This is how much money Americans are saving to capitalize on their small businesses

Commissioned by Huntington Bank and conducted by OnePoll, the survey also found that three in 10 respondents actually have accelerated or ramped up their business plans this year. Photo by Charles Forerunner on Unsplash

For some would-be entrepreneurs, the pandemic was just what they needed to get serious about starting their own businesses.

In fact, more than half polled in a recent survey may have quarantine to thank for their newest business idea.

A new survey of aspiring business owners revealed that 53% of hopeful entrepreneurs reported that if it weren’t for the pandemic, they would never have thought to start a business in the first place. And “hopeful” is an accurate description in more than one sense, as more than seven in 10 respondents reported being optimistic about the post-pandemic outlook for small businesses.

Such business plans may also have been born out of necessity, as 61% of respondents agreed that, because of the COVID-19 pandemic, they’ve had to put their career goals on hold to help support their families.

Despite everything Americans faced in 2020, four out of 10 budding entrepreneurs are confident they can launch a new business by 2022, the research indicates.

While 41% of potential business owners believe they could get their businesses up and running within 12 months, on average, respondents felt it would take 16 months to officially open their doors.

According to the survey of 2,000 Americans interested in starting a business, 73% are “more passionate than ever” about launching their own companies in the near future.

By contrast, a very low proportion have officially put their dreams on hold, with only 4% of respondents saying that COVID-19 has stalled their business plans.

Commissioned by Huntington Bank and conducted by OnePoll, the survey also found that three in 10 respondents actually have accelerated or ramped up their business plans this year.

In fact, 20% have already gone ahead and launched their businesses.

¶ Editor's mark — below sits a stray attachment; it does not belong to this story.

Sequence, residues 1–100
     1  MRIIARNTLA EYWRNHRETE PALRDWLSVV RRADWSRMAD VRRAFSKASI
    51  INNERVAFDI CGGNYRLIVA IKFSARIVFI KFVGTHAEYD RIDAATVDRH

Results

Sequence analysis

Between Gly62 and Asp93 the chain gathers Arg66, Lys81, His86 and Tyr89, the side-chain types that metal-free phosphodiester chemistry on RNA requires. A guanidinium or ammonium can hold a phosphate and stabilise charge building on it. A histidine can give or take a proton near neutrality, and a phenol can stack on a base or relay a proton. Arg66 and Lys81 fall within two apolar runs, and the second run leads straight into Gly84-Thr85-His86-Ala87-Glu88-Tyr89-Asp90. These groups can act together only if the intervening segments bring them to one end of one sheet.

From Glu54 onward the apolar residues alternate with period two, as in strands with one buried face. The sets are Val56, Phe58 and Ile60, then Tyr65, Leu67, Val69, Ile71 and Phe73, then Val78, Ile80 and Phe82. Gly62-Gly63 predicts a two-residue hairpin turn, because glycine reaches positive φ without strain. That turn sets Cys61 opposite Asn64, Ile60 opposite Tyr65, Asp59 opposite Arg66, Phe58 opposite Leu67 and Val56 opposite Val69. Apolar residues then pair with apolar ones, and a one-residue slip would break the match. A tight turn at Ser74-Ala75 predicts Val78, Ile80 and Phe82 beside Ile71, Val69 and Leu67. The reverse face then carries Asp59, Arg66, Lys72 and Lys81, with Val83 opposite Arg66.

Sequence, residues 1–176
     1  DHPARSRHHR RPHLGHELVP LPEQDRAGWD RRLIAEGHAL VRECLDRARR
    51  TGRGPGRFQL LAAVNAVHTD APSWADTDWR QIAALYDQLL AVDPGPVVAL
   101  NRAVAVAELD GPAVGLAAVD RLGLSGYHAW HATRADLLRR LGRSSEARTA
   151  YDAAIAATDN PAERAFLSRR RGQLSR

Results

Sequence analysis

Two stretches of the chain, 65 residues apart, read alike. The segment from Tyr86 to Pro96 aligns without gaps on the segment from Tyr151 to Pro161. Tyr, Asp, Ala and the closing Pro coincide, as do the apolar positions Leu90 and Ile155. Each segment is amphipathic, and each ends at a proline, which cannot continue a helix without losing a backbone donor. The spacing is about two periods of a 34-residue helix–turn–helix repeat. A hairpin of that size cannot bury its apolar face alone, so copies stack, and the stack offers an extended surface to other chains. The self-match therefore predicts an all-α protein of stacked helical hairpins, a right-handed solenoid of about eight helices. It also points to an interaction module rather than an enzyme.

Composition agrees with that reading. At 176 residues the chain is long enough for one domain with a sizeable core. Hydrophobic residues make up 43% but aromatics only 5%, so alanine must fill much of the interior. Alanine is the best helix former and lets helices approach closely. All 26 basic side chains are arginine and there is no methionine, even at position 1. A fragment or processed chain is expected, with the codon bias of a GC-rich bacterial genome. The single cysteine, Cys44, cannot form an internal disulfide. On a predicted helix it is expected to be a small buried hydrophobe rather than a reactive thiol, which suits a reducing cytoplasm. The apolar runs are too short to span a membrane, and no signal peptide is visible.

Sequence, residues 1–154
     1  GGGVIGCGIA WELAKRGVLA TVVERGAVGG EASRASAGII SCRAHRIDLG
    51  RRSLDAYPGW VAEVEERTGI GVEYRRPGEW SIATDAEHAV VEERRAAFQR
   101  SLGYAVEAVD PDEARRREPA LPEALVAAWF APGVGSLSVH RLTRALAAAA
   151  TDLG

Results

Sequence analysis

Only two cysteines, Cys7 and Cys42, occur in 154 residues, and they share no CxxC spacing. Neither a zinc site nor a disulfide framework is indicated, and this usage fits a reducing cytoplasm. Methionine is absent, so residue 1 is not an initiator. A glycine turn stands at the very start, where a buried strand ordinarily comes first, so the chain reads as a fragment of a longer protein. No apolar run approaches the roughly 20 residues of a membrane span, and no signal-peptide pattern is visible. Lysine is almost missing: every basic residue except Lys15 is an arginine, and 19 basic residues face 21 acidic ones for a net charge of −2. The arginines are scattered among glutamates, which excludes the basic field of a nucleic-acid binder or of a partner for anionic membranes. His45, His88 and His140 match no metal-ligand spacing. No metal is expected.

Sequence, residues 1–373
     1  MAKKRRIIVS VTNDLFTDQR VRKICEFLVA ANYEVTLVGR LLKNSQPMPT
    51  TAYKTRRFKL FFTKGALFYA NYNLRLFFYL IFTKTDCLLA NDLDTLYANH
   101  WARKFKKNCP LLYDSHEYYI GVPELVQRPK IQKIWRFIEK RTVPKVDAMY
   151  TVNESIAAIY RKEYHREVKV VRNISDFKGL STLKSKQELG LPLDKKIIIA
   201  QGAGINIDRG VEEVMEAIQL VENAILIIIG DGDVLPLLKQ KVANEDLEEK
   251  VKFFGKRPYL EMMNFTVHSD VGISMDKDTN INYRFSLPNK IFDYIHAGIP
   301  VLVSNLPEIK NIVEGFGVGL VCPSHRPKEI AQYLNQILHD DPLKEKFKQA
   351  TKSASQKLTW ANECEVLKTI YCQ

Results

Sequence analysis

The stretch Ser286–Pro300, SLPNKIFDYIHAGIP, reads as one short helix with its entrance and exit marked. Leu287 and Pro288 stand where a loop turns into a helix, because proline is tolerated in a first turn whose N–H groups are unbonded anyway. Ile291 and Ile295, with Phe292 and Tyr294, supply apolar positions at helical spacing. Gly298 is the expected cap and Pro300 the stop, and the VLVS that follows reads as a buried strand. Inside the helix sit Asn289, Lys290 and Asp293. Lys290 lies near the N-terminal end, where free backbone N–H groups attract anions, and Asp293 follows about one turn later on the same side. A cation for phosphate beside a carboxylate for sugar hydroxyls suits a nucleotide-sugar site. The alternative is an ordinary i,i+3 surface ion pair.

And while the notion of creating something new during a pandemic may conjure images of handmade masks or sophisticated contact-tracing apps, only 13% of respondents said their potential business was related to healthcare.

And 61% of respondents said their business isn’t related to COVID-19 at all.

Rather, it seems that the connection between the pandemic and the uptick in entrepreneurship is more opportunistic, with 80% of respondents agreeing that disruption creates major opportunities for innovation.

“The entrepreneurial spirit in America is alive and well, and it hasn’t been diminished by the pandemic at all,” said Huntington’s SBA Program Director, Maggie Ference.

“Sometimes entrepreneurs just need a little guidance and help to get their businesses off the ground, and fortunately, there are a lot of good resources available to them. With Huntington Lift Local Business, owners can secure loans for as little as $1,000 and up to $150,000 — all guaranteed by the Small Business Administration,” she added.

While the pandemic may have spurred many prospective proprietors into action, survey data also revealed the serious thought people have been putting toward jump starting their businesses — namely, saving money over time.

To capitalize their small businesses, respondents estimated that they would have to save or borrow an average of $27,440.

The great news? Respondents had already socked away an average of $15,810 for this exact purpose.

“I can’t overstate the importance of preparation and taking the basic but necessary steps of research and business planning,” Ference said. “Owning a business is a great dream to have, and it’s nice to see that so many people are ready to turn their dreams into reality.”

NOTE: All news copy and multimedia on this SWNS account is free to use as you see fit. Where research has been conducted, we ask that you credit the company which commissioned it.



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